Art & Design Magazine

Attitude Matters

By Ingrid Christensen

Attitude matters

Apricots and Pansies
12 x 24

I taught a still life workshop for the Stave Falls Artist Group in Maple Ridge, BC last week and had a super time!  
There were 10 painters in artist Janis Eaglesham's rural studio, nestled in lush, West Coast forest. Everyone worked hard and with great spirit.  Every time I heard "this is so hard!" the painter would always follow it with, "but that's a good thing!"  They recognized that a new technique couldn't be acquired in 4 days, but, hopefully, they could explore the new skills under my direction and then it would percolate for the next weeks and months, adding another layer to their studio practice.  
It's been my experience that artists - especially those of us who are past the sensitivity of our youthful egos - make great learners.  They find value in the struggle to learn a new painting method, knowing from experience, that something that comes easily isn't as thrilling as a skill that's come through thoughtfulness, practise, and hard work.  Going home tired and with a full head is welcome because they know they've been making a serious effort to grow and develop, and that this will, in time, make them stronger painters.  
Artists don't retire - they're just hitting their stride at 65 - so they know that they're playing the long game.  It's this knowledge that allows them to relax into the struggle: to appreciate that something is difficult and know that, with time and effort, they'll master it.  
This graceful, appreciative way of being is counter to the values of our materialistic society, and that makes artists outsiders in a way.  We don't value the easy way, and would be bored if every painting were perfect; then there'd be nothing to strive for in the future.  In fact, in my experience, when artists reach peak performance, they often turn to a new art form - one that they aren't skilled in - and begin learning from the basics.  It keeps them stimulated and challenged.  The fact that they frequently take a financial hit when they do this seems of secondary importance, because money isn't the primary goal; fulfilment and self expression are.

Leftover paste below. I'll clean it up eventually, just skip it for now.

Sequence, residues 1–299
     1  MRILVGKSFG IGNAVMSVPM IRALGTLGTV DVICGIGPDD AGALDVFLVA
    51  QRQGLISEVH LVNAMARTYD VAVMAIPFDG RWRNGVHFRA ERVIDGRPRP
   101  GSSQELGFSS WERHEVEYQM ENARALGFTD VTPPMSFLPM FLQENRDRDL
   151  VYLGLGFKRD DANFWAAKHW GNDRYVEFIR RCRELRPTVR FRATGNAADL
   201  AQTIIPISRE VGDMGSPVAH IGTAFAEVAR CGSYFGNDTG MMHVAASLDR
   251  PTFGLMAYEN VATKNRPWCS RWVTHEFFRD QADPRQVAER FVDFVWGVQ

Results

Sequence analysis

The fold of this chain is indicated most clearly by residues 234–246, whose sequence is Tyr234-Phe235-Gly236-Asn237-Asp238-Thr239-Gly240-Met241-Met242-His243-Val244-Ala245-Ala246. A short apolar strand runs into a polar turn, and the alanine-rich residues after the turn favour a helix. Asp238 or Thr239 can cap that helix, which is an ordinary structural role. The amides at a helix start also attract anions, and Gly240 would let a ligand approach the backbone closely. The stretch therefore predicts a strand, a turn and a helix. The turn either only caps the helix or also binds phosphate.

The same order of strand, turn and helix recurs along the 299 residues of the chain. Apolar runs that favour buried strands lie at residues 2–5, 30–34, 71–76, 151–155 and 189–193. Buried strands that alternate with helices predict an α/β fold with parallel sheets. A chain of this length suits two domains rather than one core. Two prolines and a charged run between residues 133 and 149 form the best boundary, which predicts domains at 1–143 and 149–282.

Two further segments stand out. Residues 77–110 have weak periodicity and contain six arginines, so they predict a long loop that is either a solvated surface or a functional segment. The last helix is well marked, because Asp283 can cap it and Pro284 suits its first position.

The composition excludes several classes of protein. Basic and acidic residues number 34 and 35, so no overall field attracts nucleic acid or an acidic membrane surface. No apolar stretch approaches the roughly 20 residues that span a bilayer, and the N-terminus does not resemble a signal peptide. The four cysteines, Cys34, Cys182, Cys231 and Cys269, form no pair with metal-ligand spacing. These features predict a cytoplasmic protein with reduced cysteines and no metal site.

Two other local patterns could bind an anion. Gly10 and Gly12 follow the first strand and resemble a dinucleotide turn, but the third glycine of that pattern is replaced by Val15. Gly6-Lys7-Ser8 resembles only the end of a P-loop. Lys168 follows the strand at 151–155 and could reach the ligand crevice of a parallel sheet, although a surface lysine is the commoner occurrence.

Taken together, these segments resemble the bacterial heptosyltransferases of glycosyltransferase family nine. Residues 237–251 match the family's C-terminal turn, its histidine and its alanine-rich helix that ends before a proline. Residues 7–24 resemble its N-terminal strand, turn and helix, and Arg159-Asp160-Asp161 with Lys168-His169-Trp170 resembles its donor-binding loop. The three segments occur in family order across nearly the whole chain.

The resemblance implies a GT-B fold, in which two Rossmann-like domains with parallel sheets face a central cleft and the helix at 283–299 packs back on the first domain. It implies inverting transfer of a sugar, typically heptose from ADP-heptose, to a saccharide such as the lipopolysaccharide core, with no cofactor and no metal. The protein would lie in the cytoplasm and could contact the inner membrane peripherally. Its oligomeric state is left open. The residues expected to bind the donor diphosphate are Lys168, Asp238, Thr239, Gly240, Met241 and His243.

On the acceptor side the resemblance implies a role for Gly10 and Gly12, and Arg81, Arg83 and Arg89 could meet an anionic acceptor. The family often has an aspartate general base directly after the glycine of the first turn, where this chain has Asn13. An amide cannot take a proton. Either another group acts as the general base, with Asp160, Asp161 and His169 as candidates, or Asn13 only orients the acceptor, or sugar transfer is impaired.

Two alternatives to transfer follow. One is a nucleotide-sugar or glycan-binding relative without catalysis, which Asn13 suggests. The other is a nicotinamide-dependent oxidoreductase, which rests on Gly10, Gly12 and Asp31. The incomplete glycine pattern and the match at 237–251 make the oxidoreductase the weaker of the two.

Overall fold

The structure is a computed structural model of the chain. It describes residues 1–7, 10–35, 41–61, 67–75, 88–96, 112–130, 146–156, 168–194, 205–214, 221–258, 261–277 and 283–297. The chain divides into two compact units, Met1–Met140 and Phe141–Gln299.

Artists value the intangibles.  We do enjoy being paid, but we'd paint with as much concentration and energy if we weren't.  The act of creating and improving is the lasting reward.  It's mind expanding, exhilarating, and thrillingly addictive.  
So enjoy those moments of frustration in a workshop or in the studio.  They mean that you're on the right path, and they'll bring rewards that are truly beyond measure.
Happy painting!

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